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Arlington Public Schools Proposes New Elementary School Boundaries

(Updated at 11:50 a.m.) About 1,400 elementary students would be reassigned to new school buildings next fall, according to a proposed change in boundaries that Arlington Public Schools released Monday evening.

The boundary proposal follows an elementary school building swap approved by the School Board in February, to account for the new Reed School building in Westover coming online and the former home of the Key Spanish immersion program near Courthouse being converted to a neighborhood school.

The proposal includes new neighborhood boundaries around Arlington Science Focus School.

The boundary changes are part of the school system’s effort to prepare for an estimated 30,000 students in 2021, including a surge in new students near the Courthouse neighborhood.

APS is looking to redraw the boundaries of most, if not all, of its 24 elementary schools in the near future to address a growing imbalance between where enrollment is increasing and where there is spare school capacity, while taking equity and walkability into consideration.

APS redrew boundaries for some elementary schools in 2018, and before that in 2015 and 2013 — all were, to some degree, contentious processes.

The School Board is scheduled to vote on the latest boundary proposal on Dec. 3.

The 1,400 students — 13% of K-5 neighborhood school students — would be reassigned from Ashlawn, ASFS, Glebe, Long Branch, McKinley, Taylor and Tuckahoe schools, APS said.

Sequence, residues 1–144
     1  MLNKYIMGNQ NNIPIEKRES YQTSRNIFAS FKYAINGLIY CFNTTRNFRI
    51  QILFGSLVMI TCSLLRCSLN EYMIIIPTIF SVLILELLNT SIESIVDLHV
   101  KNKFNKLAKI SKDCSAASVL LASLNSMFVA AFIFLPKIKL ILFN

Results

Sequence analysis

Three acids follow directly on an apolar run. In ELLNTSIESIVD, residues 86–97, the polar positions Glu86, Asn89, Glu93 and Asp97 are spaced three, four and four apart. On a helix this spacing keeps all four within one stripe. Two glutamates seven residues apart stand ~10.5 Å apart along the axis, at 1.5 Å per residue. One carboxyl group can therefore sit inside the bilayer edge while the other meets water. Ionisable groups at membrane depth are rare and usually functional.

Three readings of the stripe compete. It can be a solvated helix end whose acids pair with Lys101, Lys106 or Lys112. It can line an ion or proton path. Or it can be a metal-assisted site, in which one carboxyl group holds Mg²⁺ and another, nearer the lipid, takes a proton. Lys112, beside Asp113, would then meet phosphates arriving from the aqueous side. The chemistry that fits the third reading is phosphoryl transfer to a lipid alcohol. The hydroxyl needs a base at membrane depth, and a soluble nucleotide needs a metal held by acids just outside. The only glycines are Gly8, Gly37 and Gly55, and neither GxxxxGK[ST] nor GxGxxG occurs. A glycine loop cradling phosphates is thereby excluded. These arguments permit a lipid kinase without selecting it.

“Our long-term priority is to address capacity needs informed by a plan that puts equity and instruction front and center, and that ensures we consider the overall needs of our students and school division rather than focus on an individual school, department or topic,” Superintendent Francisco Durán said in a statement.

He added that the district must make this change “as we move from being a system of schools to a school system.”

APS had planned to address boundaries for most elementary schools in 2020, but the pandemic disrupted education and strained families to the point that Durán decided to keep students together as much as possible.

The new boundary change approach keeps more students at their current schools and adds 800 students to school walk zones, reducing the need for busing at a time when only 11 students can ride each bus at a time. One downside: there will be an increased need for portable classroom trailers.

APS says it will continue to plan for increased school capacity where enrollment is spiking, particularly at the western end of Columbia Pike, with the upcoming Fiscal Year 2022 Capital Improvement Plan.

Virtual community meetings on the boundary proposal will be held from 7-8:30 p.m. tomorrow (Wednesday) and next Wednesday, Oct. 14. Community members can provide input this fall through a community questionnaire, available through Oct. 20.

APS staff will present the superintendent’s final proposal to the School Board on Nov. 5, and will hold a public hearing on Dec. 1, before adoption on Dec. 3.

More from an APS press release, below.

Today, Arlington Public Schools (APS) published a proposal for new elementary school boundaries for 2021-22. The proposal creates attendance zones for the new neighborhood school at the Key site and for McKinley in the new facility at the Reed site, both of which will open in Fall 2021, as well as neighborhood boundaries around Arlington Science Focus School (ASFS). Approximately 1,400 students — 13% of Grade K-5 neighborhood school students — would be reassigned from seven schools: Ashlawn, ASFS, Glebe, Long Branch, McKinley, Taylor and Tuckahoe. The School Board is scheduled to adopt new boundaries on December 3, 2020.